The 2002 shift journalists reference is the “Law Regulating the Legal Situation of Prostitutes,” [ProstG] which removed morality language from most, but not all Federal German laws. The change was highly contested, and it finally passed as a watered down, three-paragraph federal law that leaves much discretion to German states.

ProstG removed morality language, criminal laws against promoting prostitution for those over 21 (previously called "pimping,") created unidirectional recognition of contracts between sex workers and clients (so sex workers can sue clients for non-payment, but clients can't sue sex workers for failing to provide services) and limited legal recognition for contracts between sex workers and employers (despite what is commonly claimed, business owners can't tell sex workers what acts to perform or with whom). Perhaps the most important part of the Act was ensuring sex worker access to employment benefits:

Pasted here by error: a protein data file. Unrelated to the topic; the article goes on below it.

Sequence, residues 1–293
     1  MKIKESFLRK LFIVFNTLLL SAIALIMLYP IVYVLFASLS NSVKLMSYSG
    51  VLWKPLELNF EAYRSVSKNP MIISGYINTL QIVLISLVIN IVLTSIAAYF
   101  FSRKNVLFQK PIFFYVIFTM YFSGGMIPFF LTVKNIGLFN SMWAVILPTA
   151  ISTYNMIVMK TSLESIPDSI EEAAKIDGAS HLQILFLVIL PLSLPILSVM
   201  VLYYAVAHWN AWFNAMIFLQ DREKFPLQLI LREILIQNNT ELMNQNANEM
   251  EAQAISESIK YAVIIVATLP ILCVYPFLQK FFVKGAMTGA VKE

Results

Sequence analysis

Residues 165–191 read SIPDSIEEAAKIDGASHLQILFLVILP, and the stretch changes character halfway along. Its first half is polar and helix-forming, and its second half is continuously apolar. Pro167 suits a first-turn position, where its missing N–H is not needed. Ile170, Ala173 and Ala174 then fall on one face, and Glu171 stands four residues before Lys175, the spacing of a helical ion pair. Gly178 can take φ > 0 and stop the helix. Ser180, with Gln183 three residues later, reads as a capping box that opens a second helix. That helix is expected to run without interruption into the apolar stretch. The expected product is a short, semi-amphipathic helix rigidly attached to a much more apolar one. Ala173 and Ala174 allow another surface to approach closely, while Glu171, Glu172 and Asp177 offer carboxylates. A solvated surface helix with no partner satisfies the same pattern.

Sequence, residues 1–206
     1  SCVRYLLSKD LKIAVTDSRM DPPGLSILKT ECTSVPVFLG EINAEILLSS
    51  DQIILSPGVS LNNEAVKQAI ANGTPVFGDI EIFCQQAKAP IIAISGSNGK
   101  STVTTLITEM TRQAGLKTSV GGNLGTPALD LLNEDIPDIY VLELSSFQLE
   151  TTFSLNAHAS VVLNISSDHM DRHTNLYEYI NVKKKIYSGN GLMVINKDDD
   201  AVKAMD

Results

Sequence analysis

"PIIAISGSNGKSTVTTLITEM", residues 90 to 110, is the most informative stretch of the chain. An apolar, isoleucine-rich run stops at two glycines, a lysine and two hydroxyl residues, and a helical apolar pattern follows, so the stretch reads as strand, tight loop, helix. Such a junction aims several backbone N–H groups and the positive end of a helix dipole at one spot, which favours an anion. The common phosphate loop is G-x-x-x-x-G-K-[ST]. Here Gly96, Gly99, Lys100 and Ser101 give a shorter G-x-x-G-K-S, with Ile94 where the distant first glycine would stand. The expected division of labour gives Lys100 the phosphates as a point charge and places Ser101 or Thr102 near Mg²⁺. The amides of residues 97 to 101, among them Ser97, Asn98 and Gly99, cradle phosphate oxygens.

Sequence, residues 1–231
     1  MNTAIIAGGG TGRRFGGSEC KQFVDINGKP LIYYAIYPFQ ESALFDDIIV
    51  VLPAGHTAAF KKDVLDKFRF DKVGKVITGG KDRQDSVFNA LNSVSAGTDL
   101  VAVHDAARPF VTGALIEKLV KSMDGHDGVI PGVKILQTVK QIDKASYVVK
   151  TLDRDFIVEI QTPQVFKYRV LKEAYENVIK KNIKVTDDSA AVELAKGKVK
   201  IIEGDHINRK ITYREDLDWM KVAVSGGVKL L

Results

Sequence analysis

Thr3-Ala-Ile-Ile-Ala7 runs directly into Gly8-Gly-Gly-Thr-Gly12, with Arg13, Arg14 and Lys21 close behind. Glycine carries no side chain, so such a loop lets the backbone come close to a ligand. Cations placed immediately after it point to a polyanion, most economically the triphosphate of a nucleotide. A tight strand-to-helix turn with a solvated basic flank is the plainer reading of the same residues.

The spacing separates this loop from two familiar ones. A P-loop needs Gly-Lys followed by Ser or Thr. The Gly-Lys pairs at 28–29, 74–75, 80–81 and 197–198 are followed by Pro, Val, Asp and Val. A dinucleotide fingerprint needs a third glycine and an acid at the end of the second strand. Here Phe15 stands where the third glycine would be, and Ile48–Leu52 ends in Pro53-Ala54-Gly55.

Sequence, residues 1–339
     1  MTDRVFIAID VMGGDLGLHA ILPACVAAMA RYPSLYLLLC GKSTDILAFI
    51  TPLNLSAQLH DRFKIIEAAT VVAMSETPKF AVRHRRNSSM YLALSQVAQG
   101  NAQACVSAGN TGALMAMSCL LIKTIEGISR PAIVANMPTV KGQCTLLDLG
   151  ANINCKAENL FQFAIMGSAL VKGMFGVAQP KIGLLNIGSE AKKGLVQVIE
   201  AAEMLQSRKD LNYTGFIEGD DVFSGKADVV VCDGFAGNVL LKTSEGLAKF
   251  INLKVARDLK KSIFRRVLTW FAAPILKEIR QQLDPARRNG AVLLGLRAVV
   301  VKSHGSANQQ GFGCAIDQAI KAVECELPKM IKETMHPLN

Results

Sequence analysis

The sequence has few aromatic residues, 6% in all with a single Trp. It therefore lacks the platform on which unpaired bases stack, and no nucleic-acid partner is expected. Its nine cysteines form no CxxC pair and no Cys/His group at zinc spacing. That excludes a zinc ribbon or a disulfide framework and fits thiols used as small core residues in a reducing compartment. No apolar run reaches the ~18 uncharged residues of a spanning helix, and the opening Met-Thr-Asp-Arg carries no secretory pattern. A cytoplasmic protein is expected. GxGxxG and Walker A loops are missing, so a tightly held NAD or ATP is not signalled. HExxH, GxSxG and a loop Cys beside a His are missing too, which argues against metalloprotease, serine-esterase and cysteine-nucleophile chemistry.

"Germany is a very strong welfare state, and if you pay taxes, you gain certain kinds of rights, unemployment benefits, social security... "Sonja Dolinsek, a Humboldt University lecturer, says. "Prior to the 2003 ruling, this wouldn't have applied to sex workers. They also could have been kicked out of health insurance before the law, so there was this discrimination in terms of legally having to pay taxes but not having the same rights as everyone who has to pay taxes."

2015-08-25-1440516676-4892789-Dusseldorfsperrgebiet.jpg A map of Dusseldorf "Sperrgebiet," areas where all forms of sex work are forbidden. Source: https://www.duesseldorf.de/ordnungsamt/bilder/sperrbezirk.jpg

Post 2002: "Legal, but Illegal in Most of Germany"

What the 2002 Act failed to do was create federal mandates on zoning, registration, health and safety, and police power. This left substantial jurisdiction to German states, and--in practice, meant that (especially conservative southern) states--never removed local laws grounded in the "immorality of prostitution" that the 2002 federal theoretically abolished.